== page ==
This is a short guide on sit-stand working in the office. It reviews the research on sitting and standing at work from the 1950s to present and provides guidance for specialists, therapists, practitioners, and managers. The book is illustrated with many photos and figures, provides guidance for active working at the end of every chapter, and is understandable to the layman as well as the specialist.
With the increased emphasis on healthy lifestyles, coupled with the obesity and overweight epidemic, many are claiming that we should spend more time standing at work. Some have even claimed that sitting is the new smoking. Readers of the book will learn and understand what is behind these claims, what stacks-up, what doesn't, and be able to make informed decisions about whether to invest in new facilities, and what to invest. This book is of value to human factors specialists, physical therapists, chiropractors and occupational health practitioners, architects, and facilities managers.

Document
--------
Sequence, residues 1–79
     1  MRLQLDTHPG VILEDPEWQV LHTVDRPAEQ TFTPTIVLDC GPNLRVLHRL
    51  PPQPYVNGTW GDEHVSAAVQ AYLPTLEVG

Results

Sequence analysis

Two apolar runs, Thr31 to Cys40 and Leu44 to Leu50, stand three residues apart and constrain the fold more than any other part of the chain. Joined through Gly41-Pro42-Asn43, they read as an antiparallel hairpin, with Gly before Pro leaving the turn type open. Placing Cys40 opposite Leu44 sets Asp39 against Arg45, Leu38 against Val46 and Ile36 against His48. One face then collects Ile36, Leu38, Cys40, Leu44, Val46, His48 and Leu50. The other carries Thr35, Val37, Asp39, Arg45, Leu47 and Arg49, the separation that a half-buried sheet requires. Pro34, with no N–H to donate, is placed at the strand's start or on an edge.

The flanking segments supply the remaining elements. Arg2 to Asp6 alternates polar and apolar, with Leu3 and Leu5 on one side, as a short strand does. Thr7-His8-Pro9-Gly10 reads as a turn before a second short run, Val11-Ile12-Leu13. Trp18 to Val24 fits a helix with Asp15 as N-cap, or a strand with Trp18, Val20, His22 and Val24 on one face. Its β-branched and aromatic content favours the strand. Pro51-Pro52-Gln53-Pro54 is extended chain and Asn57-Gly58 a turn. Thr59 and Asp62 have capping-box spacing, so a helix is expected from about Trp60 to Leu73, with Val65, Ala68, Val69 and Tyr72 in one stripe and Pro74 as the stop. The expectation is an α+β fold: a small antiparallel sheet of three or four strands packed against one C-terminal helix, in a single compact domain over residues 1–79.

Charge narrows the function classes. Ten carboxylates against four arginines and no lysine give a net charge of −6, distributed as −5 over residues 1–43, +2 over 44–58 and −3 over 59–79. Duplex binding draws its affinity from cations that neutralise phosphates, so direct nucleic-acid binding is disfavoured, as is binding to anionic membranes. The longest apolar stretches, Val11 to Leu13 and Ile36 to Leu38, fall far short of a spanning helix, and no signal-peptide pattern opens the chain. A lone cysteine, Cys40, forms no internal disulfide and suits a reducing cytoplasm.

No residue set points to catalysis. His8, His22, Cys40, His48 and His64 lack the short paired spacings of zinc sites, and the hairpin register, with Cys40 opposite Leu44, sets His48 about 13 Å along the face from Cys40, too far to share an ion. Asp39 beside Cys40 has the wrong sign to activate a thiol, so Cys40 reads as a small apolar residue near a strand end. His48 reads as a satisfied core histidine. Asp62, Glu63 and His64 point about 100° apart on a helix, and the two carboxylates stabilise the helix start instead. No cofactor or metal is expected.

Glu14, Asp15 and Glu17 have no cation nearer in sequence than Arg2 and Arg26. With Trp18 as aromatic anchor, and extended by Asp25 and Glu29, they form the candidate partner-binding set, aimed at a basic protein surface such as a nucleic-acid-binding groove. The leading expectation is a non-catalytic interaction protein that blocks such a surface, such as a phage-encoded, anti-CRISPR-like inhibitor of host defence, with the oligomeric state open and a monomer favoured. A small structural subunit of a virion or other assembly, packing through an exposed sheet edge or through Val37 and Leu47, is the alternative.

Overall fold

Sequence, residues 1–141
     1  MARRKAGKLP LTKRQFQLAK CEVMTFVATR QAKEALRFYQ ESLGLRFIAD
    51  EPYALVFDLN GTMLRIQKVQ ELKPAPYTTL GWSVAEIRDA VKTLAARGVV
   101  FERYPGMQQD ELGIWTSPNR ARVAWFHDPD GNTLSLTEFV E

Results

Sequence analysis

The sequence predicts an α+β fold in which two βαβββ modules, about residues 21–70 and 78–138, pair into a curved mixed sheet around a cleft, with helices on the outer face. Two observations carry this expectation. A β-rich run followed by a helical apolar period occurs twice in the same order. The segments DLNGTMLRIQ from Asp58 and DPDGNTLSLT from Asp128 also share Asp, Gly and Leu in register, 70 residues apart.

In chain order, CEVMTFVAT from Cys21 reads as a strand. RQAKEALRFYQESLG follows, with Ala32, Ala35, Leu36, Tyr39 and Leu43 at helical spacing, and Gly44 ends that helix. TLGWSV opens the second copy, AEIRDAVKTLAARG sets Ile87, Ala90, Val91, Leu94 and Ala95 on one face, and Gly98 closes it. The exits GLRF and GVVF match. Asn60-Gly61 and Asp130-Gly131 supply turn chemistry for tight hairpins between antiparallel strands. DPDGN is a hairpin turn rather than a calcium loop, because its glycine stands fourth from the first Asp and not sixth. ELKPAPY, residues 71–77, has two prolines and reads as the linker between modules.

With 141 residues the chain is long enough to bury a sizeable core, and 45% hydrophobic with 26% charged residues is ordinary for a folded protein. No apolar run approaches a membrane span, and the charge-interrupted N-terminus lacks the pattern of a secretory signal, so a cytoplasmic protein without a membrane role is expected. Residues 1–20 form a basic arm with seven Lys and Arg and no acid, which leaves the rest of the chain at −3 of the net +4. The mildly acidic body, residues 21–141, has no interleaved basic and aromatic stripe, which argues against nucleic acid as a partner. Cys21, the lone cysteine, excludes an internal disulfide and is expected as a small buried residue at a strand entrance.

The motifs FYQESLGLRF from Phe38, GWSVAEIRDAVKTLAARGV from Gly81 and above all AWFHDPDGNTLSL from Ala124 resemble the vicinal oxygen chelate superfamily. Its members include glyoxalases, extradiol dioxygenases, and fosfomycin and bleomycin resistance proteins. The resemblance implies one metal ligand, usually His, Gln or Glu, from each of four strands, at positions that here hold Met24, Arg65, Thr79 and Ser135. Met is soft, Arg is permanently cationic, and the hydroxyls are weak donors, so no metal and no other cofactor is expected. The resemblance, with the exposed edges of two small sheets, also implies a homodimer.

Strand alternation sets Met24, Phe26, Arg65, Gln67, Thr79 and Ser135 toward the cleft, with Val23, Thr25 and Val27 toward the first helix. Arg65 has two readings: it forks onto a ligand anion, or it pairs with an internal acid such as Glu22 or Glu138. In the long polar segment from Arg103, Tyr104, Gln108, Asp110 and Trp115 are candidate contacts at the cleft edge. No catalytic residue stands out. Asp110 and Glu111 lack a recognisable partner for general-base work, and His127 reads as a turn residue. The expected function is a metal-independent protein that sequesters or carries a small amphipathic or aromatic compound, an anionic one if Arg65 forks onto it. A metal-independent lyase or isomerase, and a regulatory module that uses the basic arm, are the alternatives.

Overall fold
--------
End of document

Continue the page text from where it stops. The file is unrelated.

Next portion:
Explains the origins of sedentary office work
Summarizes the health risks of sitting and standing and how to avoid them
Reviews new research on active working and practical ways of developing active working habits in the office
Discusses the obesogenic workplace, and how to avoid it
Includes over 60 key points to help you decide how to be more active at work